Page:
 Psychological abuse :-is often characterized as intimidation, threats of harm, and isolation. Examples include instilling fear in an intimate partner through threatening behavior, such as damaging property or abusing pets, constant supervision, or controlling what the victim does and who they talk to. Spiritual abuse may be included as a type of psychological abuse. It involves the misuse of spiritual or religious beliefs to manipulate or exert power and control over an intimate partner (i.e., using scripture to justify abuse or rearing the children in a faith
or religious practice the partner has not agreed to).
Emotional abuse:- involves undermining an individual’s sense of self-worth. Examples of emotional abuse include constant criticism, name-calling, embarrassing, mocking, humiliating, and treating like a servant.

Indian Laws relating to Domestic Violence:-
 Section in Indian Penal Code, 1860: 498A. Husband or relative of husband of a woman subjecting her to cruelty.—Whoever, being the husband or the relative of the husband of a woman, subjects such woman to cruelty shall be punished with imprisonment for a term which may extend to three years and shall also be liable to fine. Explanation.—For the purpose of this section, “cruelty” means—
(a) any wilful conduct which is of such a nature as is likely to drive the woman to commit suicide or to cause grave injury or danger to life, limb or health (whether mental or physical) of the woman; or
(b) harassment of the woman where such harassment is with a view to coercing her or any person related to her to meet any unlawful demand for any property or valuable security or is on account of failure by her or any person related to her to meet such demand.

After Walker published her research, some empirical data emerged that cast doubt on her explanation of why women kill their batterers. More specifically, some research indicated that victims of abuse often contact other family members and seek the assistance of the legal system for help as the violence from their batterers escalates. This research also indicated that when battered women sought outside help, they were confronted with insufficient help sources, a legal system that did not address their issues, and societal indifference. The lack of practical options, combined with victims’ lack of financial resources, made it likely that battered women would stay in abusive relationships. In contrast to this research demonstrating battered women’s active help-seeking behavior, Walker’s theory of BWS emphasized women as becoming passive and helpless in the face of repeated abuse.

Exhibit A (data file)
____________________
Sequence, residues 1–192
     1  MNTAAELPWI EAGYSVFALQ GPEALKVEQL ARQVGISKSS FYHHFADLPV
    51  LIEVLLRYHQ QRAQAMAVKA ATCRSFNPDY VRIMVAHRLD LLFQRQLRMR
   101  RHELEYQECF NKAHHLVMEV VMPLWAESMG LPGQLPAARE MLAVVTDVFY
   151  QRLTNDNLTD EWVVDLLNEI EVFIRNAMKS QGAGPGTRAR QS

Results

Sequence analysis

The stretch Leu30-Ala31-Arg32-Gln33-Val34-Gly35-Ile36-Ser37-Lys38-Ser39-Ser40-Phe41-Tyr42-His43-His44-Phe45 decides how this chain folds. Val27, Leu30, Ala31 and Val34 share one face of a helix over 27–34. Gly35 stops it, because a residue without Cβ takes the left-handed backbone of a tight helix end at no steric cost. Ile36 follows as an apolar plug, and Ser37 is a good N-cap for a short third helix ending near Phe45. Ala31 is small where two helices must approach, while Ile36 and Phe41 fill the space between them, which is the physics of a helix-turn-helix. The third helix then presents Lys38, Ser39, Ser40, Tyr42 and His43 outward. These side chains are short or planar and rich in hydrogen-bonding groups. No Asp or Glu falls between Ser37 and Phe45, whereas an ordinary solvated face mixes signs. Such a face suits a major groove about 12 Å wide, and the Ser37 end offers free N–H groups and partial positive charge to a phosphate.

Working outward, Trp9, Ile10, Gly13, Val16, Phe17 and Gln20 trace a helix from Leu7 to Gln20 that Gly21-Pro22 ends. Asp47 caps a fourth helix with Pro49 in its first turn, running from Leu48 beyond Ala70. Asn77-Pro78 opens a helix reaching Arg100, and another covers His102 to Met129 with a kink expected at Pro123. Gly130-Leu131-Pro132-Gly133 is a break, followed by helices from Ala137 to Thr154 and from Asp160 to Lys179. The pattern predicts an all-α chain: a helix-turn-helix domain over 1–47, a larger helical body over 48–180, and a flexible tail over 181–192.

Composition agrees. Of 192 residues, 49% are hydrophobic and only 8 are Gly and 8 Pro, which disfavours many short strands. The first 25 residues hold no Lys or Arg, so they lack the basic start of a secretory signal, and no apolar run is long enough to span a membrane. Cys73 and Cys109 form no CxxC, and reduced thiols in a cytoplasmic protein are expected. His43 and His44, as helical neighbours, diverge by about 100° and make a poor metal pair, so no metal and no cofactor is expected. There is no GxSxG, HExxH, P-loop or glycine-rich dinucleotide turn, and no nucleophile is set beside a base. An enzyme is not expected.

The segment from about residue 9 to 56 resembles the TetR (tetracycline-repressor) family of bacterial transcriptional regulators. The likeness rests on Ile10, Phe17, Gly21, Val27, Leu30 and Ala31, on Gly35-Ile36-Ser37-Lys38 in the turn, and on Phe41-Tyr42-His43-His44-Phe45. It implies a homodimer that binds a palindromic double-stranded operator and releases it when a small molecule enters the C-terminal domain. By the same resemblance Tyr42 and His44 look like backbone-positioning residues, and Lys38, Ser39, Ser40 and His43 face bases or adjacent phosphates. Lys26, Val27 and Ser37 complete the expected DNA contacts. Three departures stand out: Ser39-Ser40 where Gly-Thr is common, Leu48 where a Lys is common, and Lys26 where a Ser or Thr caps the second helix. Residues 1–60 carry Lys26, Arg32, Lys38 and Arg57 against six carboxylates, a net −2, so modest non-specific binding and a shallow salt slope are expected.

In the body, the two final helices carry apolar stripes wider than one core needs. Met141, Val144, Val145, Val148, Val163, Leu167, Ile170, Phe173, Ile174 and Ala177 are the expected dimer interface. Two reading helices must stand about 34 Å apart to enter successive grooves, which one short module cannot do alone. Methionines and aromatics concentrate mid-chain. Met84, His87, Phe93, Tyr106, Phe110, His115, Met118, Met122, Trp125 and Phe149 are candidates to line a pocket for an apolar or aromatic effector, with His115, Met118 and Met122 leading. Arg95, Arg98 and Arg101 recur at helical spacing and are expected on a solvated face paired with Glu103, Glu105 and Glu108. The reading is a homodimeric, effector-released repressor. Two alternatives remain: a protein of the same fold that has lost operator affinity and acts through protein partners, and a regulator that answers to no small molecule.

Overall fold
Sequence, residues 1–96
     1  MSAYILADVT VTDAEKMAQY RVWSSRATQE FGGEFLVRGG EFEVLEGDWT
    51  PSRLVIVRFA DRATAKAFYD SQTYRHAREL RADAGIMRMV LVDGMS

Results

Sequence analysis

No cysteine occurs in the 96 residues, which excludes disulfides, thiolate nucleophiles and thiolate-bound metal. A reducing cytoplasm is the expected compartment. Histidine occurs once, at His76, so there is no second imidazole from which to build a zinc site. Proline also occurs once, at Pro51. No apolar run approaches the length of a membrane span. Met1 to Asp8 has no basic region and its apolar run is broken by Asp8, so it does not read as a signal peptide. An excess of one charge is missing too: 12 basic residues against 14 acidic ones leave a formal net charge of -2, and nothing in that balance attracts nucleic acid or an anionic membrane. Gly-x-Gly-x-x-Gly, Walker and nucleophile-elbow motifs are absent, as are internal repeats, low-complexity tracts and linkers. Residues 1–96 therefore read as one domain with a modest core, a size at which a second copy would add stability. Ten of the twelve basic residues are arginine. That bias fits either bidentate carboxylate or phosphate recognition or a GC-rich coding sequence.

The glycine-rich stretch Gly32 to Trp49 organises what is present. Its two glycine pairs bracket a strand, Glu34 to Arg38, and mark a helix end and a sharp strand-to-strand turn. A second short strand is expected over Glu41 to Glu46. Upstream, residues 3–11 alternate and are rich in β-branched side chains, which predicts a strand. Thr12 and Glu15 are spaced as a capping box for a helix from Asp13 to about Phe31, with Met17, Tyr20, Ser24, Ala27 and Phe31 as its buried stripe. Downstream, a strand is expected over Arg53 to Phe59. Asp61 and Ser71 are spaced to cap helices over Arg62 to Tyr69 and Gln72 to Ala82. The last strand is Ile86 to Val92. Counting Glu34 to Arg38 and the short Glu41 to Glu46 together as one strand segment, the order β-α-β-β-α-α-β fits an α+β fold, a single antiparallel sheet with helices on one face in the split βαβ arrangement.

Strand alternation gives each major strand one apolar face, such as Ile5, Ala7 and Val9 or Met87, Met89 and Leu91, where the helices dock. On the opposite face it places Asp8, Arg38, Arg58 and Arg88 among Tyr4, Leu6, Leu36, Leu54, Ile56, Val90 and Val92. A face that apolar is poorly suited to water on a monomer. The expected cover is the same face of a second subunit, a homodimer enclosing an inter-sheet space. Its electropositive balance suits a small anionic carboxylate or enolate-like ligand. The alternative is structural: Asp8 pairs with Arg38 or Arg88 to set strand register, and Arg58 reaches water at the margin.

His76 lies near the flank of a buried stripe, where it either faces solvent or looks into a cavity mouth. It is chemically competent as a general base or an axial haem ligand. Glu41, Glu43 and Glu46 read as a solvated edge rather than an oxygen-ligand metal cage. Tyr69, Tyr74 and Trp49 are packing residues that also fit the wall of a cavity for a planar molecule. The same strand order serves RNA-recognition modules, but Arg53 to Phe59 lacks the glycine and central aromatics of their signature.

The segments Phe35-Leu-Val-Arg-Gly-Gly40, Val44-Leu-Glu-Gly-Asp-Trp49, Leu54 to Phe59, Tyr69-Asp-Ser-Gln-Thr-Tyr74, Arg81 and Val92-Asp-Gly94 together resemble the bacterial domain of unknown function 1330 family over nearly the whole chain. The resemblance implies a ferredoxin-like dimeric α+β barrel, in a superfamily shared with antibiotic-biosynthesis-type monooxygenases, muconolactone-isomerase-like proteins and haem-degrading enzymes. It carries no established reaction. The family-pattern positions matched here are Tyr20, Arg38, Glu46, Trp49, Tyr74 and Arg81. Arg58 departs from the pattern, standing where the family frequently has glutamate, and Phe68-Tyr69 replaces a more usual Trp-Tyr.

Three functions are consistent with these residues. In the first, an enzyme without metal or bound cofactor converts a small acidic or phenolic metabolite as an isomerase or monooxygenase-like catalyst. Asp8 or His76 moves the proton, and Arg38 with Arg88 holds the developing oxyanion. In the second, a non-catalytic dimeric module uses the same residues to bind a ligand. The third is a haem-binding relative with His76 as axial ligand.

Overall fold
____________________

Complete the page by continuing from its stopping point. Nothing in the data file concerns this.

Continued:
The legal defences available in India are incapable of dealing with cases of BWS, thus making it critical to discuss the legal defences available to battered women who are compelled to kill their partners.23 In India, Battered woman syndrome is not a legal defence in and out. It does not accommodate the defence under Indian Penal Code, 1860 the situations faced by a battered women.
But it constitutes partial or full defence in:
1. Self-defence
2. Grave and Sudden Provocation
3. Legal Insanity

The law in India needs to acknowledge and assimilate the psychological aspect of Domestic Violence as it has been excluded till now. If once this syndrome will be implied in our law, the battered women’s condition would be a lot better. It would also protect her human integrity and dignity, as promised under Article 21 of the Constitution. Commencing such sensitive sympathetic principles and laws is like disentangling the laws The use of Battered Woman Syndrome and diminished responsibility as a defence to murder by battered women has been strongly
criticized by certain feminist scholars. The gravity of the consequences of using this defence is evident in that the women who plead successfully to this defence could be designated ‘mentally ill’ and be detained in an institution or be put on probation. This is cruelly ironic because battered women “may” show no signs of post-traumatic stress disorder and live their life without the fear of violence.